Nightscapes & Deep Sky Colors

Astrophotography Brian A. Morganti

M97 Owl Nebula + M108 Galaxy

Ursa Major


In the lower left of this image is the Owl Nebula, a ghost-like outer shell of gas that was blown off by a dying star.  The Owl Nebula is about 3,000 light years from Earth, but even small telescopes can detect the faint hollow eyes of the nebula, which earned its name in 1848.  The Owl Nebula fits into a class of nebula known as Planetary Nebula, which are generally small, but colorful deep sky objects suitable for viewing and imaging with larger amateur telescopes.  In the upper right of this image, Galaxy M108 lies over 1,000 times farther away, at a distance of 45 million light-years.  It's spiral arms form is concealed by its nearly edge-on orientation to our angle of view.

North is up in the above image. 


  • Date & Location:  April 1/2nd, 2013 - StarEffects Observatory - Bernville, PA

  • Weather:  Breezy, steady temperature near 33F. No snow cover.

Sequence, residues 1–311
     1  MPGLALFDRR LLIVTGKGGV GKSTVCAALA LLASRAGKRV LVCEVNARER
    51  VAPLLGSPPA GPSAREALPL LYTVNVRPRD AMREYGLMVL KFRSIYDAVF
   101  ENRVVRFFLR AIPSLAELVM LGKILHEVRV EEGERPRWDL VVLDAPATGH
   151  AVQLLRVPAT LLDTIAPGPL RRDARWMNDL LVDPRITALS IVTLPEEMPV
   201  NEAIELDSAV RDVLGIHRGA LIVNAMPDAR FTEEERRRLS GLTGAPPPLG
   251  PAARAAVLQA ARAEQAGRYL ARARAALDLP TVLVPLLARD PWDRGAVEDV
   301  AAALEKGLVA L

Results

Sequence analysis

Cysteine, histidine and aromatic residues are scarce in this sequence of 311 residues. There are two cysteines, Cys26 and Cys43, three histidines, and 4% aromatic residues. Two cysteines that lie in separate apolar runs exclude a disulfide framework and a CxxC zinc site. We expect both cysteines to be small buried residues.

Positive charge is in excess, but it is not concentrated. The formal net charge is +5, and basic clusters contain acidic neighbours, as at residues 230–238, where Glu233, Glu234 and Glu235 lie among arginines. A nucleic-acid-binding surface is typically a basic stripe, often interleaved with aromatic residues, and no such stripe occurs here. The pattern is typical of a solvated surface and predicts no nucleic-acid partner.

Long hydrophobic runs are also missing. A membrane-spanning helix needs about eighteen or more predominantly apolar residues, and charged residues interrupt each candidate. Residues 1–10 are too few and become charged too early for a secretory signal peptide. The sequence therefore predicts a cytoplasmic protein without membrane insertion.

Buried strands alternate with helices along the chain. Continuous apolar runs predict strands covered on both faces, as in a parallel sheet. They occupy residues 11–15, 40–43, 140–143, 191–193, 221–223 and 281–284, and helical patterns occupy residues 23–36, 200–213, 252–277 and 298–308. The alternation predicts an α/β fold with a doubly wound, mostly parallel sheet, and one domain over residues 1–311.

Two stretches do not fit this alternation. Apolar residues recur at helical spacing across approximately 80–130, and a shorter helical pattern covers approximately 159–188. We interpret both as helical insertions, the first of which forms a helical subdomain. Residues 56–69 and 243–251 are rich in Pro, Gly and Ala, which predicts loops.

• Sky Conditions:  Clear with average transparency.

  • SQM-L: 20:34 start  - 20:43 finish which is excellent for this time of year.

  • Optics:  TeleVue NP101is @ 540mm f5.4

  • Filter:  Hutech IDAS-LPS (Light Pollution Suppression) in image train.

  • Mount:  AP900GTO

  • Guiding:  Orion SSAG @ 5 second exposures

  • Camera:  Canon 5D MII  unmodified

  • Exposure:  13 x 8 min (1 hours 44 min total) all at ISO 800

  • Calibration Frames:  None - near freezing

  • Processing:  Images Plus 4.50b, PS CS6, GradientXTerminator, NIK filters  

  • Comments:  An unmodified DSLR was used since there were no red emission nebula to be found in the above image frame. Image above was cropped to about a degree square. 


Astrophotography  -  Nightscapes & Deep Sky Colors